Why You Need A Budget

“Nah, we make enough money. Thanks, but no thanks.”

“We never worry about making our payments.”

“Our employees are dedicated to the mission of the business. They’re okay with lower compensation.”

If any of these scenarios sound familiar, stop reading now; this article will not be of interest to you. However, if you want to make more money for your business, stop worrying about making payments, and find ways to keep your top talent, continue reading.

The one thing a business can do to meet all three of these objectives is have a realistic budget.

There are many reasons why every company needs a budget and it all boils down to making more money. Yes; by taking the time to develop and communicate a budget, companies experience organic growth. They are empowered by data to make decisions more quickly that are in line with the direction of the company. This singular, focused drive leads to growth.

To kick start your journey to making more money, follow these four steps.

Step one – create balance.

It goes without saying that with low and limited cash inflows, even the smallest amount of cost overrun can quickly get out of control and be devastating to your business. This is especially true if you have a FFP contract or a SBIR grant; there is very limited – virtually no – opportunity to increase the funding because someone on your team made a mathematical error or your cost of labor, materials, etc… ended up being more than you anticipated. That problem increases with each funding stream your business has. By taking the time to convert all your approved budgets by award into one consolidated budget, your business will have a balanced approach to financial security by allowing you to determine where to cut costs if you encounter an increased cost on a contract. As we say in accounting, ‘for every plus there must be a minus’.

Step two – ensure achievability.

Once you have your consolidated listing, amend it with your indirect costs. Don’t look at the bottom line yet. You don’t want to influence your numbers in any way; they need to be unbiased for the budget exercise to be effective.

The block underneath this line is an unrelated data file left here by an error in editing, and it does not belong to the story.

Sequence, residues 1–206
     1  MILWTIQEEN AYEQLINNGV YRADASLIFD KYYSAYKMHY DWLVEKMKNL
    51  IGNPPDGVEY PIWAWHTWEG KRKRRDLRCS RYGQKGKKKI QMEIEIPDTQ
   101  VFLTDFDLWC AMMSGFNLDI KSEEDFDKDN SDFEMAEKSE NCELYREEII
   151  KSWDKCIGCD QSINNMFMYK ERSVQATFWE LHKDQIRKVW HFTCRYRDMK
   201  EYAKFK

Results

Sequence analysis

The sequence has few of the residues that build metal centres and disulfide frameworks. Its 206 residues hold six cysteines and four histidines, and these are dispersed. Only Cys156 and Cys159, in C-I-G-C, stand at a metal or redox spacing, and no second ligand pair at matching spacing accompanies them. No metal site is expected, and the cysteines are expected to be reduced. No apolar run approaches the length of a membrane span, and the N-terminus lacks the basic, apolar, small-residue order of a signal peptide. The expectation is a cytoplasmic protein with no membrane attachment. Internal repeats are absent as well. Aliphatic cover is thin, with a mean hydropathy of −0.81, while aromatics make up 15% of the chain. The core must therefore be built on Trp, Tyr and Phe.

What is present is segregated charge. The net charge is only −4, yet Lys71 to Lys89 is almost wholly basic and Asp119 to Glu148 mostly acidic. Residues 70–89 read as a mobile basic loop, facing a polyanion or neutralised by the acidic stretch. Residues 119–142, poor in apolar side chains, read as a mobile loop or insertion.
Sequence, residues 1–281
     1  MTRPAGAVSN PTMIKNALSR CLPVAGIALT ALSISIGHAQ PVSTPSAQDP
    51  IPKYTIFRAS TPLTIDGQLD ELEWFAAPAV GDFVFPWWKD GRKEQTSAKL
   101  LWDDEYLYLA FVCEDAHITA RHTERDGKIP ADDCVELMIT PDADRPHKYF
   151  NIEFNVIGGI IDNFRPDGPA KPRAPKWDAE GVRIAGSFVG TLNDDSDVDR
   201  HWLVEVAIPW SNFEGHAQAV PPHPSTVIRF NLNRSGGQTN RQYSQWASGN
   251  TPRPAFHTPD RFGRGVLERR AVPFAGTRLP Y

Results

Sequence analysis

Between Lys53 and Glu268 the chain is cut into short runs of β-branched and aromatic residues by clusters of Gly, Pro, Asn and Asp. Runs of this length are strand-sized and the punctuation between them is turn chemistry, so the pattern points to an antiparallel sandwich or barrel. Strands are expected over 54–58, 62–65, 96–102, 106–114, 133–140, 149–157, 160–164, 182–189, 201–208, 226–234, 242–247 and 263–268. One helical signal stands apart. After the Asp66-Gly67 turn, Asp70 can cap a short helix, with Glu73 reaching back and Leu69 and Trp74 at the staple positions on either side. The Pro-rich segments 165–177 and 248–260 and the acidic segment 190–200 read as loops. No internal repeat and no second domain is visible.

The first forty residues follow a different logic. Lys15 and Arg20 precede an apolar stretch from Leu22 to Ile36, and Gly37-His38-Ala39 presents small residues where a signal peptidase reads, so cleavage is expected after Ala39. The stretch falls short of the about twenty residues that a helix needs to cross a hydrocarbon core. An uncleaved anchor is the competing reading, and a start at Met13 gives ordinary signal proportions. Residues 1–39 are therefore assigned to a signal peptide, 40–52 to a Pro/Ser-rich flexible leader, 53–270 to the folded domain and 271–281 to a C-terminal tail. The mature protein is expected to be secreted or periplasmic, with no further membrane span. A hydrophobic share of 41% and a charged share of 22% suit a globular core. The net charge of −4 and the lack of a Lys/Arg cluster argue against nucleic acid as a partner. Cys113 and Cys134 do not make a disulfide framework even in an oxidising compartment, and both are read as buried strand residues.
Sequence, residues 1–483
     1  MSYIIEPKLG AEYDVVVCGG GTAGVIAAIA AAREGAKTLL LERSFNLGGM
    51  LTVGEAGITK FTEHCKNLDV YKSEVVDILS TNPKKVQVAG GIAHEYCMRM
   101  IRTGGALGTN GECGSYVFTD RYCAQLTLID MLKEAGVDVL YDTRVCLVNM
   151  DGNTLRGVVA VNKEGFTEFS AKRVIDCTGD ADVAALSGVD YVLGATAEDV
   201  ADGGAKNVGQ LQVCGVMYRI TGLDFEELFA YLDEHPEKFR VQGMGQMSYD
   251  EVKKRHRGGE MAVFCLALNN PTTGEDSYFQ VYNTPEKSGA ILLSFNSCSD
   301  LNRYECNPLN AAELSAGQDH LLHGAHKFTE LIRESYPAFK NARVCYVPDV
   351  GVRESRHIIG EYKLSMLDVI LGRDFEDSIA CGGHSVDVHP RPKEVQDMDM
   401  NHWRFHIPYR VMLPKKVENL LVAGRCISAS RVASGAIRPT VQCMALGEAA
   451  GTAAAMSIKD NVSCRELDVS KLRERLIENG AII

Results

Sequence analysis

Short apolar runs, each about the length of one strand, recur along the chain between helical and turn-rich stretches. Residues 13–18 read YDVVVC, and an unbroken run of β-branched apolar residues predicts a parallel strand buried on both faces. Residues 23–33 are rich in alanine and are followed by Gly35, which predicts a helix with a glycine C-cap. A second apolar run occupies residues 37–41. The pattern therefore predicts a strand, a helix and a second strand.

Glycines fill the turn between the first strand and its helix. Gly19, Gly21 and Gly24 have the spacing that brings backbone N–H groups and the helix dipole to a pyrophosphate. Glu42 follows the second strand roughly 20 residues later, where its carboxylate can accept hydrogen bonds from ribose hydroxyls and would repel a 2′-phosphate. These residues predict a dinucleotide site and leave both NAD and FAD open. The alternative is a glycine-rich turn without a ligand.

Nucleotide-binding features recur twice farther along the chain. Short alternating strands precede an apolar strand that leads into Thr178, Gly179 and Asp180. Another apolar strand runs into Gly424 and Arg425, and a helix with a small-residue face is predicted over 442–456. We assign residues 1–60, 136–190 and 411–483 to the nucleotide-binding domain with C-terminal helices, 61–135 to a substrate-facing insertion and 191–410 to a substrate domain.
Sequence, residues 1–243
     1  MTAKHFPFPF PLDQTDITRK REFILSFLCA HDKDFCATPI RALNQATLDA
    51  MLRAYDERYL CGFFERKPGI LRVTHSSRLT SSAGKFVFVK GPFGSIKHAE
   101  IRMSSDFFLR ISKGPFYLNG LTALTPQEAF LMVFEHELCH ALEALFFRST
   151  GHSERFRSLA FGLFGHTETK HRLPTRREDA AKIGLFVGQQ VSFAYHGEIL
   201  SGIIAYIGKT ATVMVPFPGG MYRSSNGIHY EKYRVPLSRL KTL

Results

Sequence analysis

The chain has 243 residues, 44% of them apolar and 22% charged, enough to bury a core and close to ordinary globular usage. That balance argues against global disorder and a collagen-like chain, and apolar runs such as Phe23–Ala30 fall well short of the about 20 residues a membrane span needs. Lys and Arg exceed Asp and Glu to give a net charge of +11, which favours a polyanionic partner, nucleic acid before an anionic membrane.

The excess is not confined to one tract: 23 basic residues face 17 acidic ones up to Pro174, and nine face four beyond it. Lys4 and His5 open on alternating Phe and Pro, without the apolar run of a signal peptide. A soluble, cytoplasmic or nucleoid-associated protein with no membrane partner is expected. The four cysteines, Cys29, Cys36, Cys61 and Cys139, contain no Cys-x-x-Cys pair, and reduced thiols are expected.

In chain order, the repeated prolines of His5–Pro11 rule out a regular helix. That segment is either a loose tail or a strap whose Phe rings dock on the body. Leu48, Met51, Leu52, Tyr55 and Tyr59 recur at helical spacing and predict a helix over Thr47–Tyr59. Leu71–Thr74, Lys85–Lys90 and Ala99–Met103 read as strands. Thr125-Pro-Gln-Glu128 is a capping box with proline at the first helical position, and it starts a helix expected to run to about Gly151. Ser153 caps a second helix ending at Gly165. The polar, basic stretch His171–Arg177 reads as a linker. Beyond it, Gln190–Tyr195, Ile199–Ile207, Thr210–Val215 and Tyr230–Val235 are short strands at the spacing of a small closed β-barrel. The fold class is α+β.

Next, analyze each section for alignment, reasonableness and opportunities for savings. Have your long-term business plan or equivalent information with you and refer to it often during this process.

Some questions to keep in mind while you’re reviewing:

  • Does this cost support the strategic direction of the business? If not, remove it.
  • Do we really need to have this? If not, remove it. If yes:
  • Could we get a better price from a different vendor? Get quotes. Be sure to include online sources wherever possible. Include the best value amount in the budget.
  • Is there a possibility of entering an agreement with a vendor, or multiple vendors, and getting a price break? What about better payment terms? Begin negotiations. Don’t include the amount in the budget until the agreement has been executed.
  • Where can we buy in bulk? What would the cost savings be? Include the amount in the budget only if you intend on using it.
  • When was the last time we shopped insurance coverage? If it has been three or more years, contact your insurance broker or shop around yourself.
  • Have we included cost increases for salaries, benefits, and other items?

Once you’ve reviewed each section, review it again. Have someone else review it. Keep doing this until you’re confident this represents the strategic direction of the business at the best attainable cost.

Slow breath in; slow breath out.

Look at the bottom line. Your business plan is most likely achievable if you’re in the black.

There’s still more work to be done, so keep reading.

Step three – Ready. Set. Action!